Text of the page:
Counterfeit electronic parts from China that end up in U.S. military weapons systems pose such a serious threat to national security that Sen. Carl Levin, D-Mich., chairman of the Senate Armed Services Committee, said he plans to require Customs and Border Protection inspectors to examine all Chinese electronic components before they enter the country.
Levin, speaking at a hearing Tuesday about a committee staff investigation into counterfeit electronic parts in the Defense Department supply chain, said he plans an amendment to the 2012 Defense Authorization Act that would require such inspections and compel the Pentagon to set up an electronic parts certification program.
Levin said the amendment also would make contractors financially responsible for counterfeit parts that end up in military systems, a policy that for the most part does not exist today.
Trey Hodgkins, senior vice president of TechAmerica, the largest technology company trade group in the country, said inspecting every Chinese electronic component at the border was "cost prohibitive" and instead suggested a hierarchical inspection approach that would most closely scrutinize components used in critical systems.
The Semiconductor Industry Association estimates that counterfeiting costs U.S. semiconductor manufacturers $7.5 billion a year in lost revenue and costs U.S. workers nearly 11,000 jobs, Levin said.
Scott Paul, executive director for the Alliance for American Manufacturing, said Congress must insist that Defense stop sourcing critical components from China because the practice puts troops' lives at risk.
Levin said the committee investigated 100 cases of potential counterfeit parts and tracked them back through the supply chain, in some cases through myriad brokers scattered around the globe, and determined that "the overwhelming majority -- more than 70 percent -- led to China." The investigation also established that the raw material for these counterfeit Chinese parts was electronic waste exported from the United States to China, he said.
Thomas Sharpe, vice president of SMT Corp., Sandy Hook, Conn., described at the hearing how computer chips are remanufactured in China. In a slide set, Sharpe showed photos he took from a trip to Shantou, China, in 2010 to illustrate how used electronic chips were washed in a muddy river and then laid out to dry on a city street. To obscure the origin of these chips, Chinese workers sanded off identifying numbers and recoated them to look new.
Chinese companies have become more sophisticated in how they remanufacture old components, Sharpe said, adopting techniques to remove original part numbers without the need for recoating and a process to recondition the tops of ceramic components to look new.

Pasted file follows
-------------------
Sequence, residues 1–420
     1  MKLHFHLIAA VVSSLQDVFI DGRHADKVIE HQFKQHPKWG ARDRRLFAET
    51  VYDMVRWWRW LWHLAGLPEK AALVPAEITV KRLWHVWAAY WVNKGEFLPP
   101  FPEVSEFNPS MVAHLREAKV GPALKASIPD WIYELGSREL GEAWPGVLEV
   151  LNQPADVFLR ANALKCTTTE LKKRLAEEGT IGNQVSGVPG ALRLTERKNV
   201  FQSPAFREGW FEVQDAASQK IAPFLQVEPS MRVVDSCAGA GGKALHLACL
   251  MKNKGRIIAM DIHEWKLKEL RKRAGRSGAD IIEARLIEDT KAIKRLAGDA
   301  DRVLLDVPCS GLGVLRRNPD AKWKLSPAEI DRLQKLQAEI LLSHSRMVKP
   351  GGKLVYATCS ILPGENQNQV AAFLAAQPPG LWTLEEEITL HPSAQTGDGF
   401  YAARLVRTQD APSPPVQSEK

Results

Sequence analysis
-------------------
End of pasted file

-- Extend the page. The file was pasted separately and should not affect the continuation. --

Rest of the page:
Levin faulted prime defense contractors for not quickly notifying their military customers of counterfeit parts that had ended up in their systems. For example, Boeing Co. first discovered a problem with an ice detection module on the Navy P-8A Poseidon patrol aircraft when it failed in December 2009. Its supplier, BAE Systems, investigated and found it had acquired dozens of counterfeit parts that had been reworked to make them appear new, Levin said.
BAE determined that the parts likely were sanded down and remarked. The leads on many were bent and the markings were inconsistent. Parts that should have been virtually identical to one another were actually found to be of different sizes, Levin said.
BAE reported these findings to Boeing in January 2010. Committee investigators traced these counterfeit and defective parts through two U.S. distributors to a company called A Access Electronics, located in Shenzhen, China, Levi said.
Boeing did not notify the Navy of the counterfeit chips in the P8-A until August 2011 after receiving an inquiry from the committee, Levin said.
The same scenario played out with counterfeit chips discovered in the cockpit displays of Air Force C27J cargo aircraft, Levin said. L-3 Display discovered it had been sold counterfeit chips in November 2010, but did not notify the Air Force until this Sept. 19, 2011, after it was contacted by the committee.
These are just two examples of why Defense should buy certified parts, Levin said. He also said the Chinese government must step in to control its manufacturers.
But Chinese officials threatened the committee when Levin requested investigative help in a letter to the Chinese ambassador to the United States, Levin said. "Shortly after my letter, an official at the Chinese Embassy told committee staff that the issues we were investigating were 'sensitive' and that if the results of the investigation were not positive, it could be 'damaging' to the U.S.-China relationship," Levin said at the hearing.
"What is damaging to U.S.-China relations is China's refusal to act against brazen counterfeiting that is openly carried out in that country," he said.